What impressed me is how well the werewolf story and the Fae story blend together. I think that one of Briggs’s greatest strengths is her ability to subtly weave storylines together. The pack issues don’t actually have anything to do with the Fae, but they each affect Mercy and her ability to deal with the other. If I have anything negative to say, it’s just that the conflict with the Queen ended rather abruptly. (I don’t remember Mercy shooting people as much as she does in this book.) But the ending, Mercy re-united with Adam, made me happy.
J: Like Margaret, I also loved reading the interweaving storylines. I think this is something that Briggs does extremely well–the many moving parts in every installment of the series really creates a fast-moving plot and a constantly evolving storyline.
I also felt like the plot resolution was too quick. Compared to the edgy realistic qualities in other books, this one felt too happily ever after. While I love a good HEA, that’s just not what I expect from a Mercy Thompson novel.
Mercy and Adam’s relationship also feels like it evolves tremendously in this installment. Mercy’s continued PTSD after the horrific incidents in Iron Kissed make it difficult for her relationship with Adam. The beauty of it is that Adam understands her and is ever patient and I honestly couldn’t help falling more in love with his character in Silver Borne. He’s mega swoon-worthy.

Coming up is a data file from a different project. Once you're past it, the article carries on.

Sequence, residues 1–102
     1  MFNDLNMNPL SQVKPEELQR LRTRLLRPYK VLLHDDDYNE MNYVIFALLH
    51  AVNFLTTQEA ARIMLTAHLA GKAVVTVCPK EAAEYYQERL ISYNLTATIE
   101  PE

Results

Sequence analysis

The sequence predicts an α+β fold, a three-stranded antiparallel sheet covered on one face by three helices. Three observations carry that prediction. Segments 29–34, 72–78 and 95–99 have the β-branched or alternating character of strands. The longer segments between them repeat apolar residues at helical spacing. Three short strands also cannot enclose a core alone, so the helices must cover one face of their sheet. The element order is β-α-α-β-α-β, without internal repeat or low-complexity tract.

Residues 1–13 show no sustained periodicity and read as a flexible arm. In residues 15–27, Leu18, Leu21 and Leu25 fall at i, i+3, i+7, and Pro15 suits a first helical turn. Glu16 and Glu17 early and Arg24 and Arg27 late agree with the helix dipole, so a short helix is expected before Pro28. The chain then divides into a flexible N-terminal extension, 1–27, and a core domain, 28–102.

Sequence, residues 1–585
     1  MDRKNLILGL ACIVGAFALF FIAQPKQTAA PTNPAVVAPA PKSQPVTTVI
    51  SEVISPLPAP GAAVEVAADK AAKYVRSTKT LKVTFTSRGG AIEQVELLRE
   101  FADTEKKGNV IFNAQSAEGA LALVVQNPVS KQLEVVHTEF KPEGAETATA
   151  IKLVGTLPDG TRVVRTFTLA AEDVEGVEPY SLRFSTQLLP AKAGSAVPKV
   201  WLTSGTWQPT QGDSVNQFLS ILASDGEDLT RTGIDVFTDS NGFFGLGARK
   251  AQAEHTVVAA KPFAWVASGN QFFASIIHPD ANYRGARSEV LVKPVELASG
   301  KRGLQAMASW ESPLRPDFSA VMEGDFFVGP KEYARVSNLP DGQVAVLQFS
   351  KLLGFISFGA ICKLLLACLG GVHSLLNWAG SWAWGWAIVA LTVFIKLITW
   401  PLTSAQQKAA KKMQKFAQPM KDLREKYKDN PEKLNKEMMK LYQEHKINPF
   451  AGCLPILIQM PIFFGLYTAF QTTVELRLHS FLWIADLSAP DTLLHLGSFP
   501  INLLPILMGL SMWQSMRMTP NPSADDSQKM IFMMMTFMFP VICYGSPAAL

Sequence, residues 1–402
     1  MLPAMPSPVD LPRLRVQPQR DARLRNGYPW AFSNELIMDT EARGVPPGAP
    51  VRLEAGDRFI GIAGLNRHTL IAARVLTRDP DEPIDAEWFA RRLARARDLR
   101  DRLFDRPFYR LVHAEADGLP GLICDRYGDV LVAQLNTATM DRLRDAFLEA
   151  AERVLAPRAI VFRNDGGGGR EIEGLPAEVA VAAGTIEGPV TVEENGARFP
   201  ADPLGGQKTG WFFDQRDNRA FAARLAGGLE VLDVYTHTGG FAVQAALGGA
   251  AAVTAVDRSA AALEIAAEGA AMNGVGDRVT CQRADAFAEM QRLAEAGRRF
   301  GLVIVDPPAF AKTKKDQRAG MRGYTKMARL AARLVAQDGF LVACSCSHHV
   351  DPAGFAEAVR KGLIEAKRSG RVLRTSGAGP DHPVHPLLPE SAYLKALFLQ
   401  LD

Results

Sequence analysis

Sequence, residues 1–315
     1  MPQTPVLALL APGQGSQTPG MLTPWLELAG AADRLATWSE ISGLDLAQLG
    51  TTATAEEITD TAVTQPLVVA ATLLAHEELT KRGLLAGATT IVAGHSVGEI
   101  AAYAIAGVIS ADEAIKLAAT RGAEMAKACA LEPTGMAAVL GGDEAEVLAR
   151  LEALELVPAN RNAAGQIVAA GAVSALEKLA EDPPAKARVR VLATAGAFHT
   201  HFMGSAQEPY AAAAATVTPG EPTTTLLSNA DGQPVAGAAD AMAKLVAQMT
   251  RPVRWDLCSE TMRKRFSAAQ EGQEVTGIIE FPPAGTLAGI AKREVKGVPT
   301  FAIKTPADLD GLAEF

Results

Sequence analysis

M: If you’re going to re-read the series, I would recommend including the short stories. The prequel story Silver in Shifting Shadows goes into more detail about Samuel and Arianna’s history. That anthology also has an outtake from Ariana’s POV that takes place near the end of Silver Borne and shows the beginning of their current relationship.
J: While I didn’t read the novellas preceding Silver Borne, I’m going to pick them up and most likely re-read this installment. I think that Ariana’s story would definitely have been a benefit before starting Silver Borne, as I still don’t know how I feel about her (and her relationship with Sam).
Margaret’s Final Thoughts: I liked getting to revisit the story behind how Ariana came in to Mercy’s life—she becomes Mercy’s go-to expert on Fae magic in the later books. I’m still a little sad that it also made Samuel a much smaller part of the series since I always liked him, but I’m glad that he seems to have gotten his HEA.
Most of all, this re-read reminded me of just how far Mercy and Adam have come since the beginning of the series. I tend to think of them as a single unit since they have been one for the last five years (and four books). I forget how hard they had to work to get there and how hard Mercy fought it at first. And it’s reminded how much I love Mercy’s world and want to read the series all over again from the beginning.
Jannelle’s Final Thoughts: Overall, Silver Borne was another fantastic addition to the Mercy Thompson series. After Iron Kissed, this was my second favorite installment in the series and as I’m not up to date as everyone else seems to be, I’m looking forward to picking up book six, River Marked. As always, the fast-paced plot was a win for me along with Briggs’ genius at interweaving storylines across multiple books in the series.
Sexual content: sex, references to rape, Post Traumatic Stress Disorder concerning rape
We have two copies of Silver Borne for lucky VBC readers. Please use the Rafflecopter form below to enter. This contest is open to U.S. addresses only.